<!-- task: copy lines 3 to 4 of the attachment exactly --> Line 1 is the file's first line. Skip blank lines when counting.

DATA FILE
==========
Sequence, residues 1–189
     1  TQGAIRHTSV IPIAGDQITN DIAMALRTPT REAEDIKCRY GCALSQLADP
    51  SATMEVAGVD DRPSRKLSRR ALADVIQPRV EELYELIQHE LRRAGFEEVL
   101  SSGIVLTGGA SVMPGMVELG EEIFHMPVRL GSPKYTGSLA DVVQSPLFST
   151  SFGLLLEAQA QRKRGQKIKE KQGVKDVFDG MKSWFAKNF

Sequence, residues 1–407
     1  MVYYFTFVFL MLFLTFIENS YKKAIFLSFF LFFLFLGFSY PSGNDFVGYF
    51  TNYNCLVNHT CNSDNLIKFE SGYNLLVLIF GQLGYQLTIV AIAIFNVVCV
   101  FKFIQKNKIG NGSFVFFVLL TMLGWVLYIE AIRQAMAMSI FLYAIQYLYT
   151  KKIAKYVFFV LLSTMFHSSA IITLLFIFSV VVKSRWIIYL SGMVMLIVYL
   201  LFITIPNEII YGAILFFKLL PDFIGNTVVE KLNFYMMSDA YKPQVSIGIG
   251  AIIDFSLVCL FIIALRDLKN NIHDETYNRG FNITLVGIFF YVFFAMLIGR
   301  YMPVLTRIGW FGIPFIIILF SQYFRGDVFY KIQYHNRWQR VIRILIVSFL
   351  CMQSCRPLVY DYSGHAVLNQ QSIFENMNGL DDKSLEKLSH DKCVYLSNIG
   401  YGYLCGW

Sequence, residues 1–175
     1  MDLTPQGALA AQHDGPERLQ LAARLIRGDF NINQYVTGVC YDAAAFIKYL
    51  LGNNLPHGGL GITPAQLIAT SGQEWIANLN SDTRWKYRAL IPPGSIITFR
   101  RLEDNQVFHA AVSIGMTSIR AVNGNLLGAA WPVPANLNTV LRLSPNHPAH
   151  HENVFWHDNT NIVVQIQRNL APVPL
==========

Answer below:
    51  SATMEVAGVD DRPSRKLSRR ALADVIQPRV EELYELIQHE LRRAGFEEVL
   101  SSGIVLTGGA SVMPGMVELG EEIFHMPVRL GSPKYTGSLA DVVQSPLFST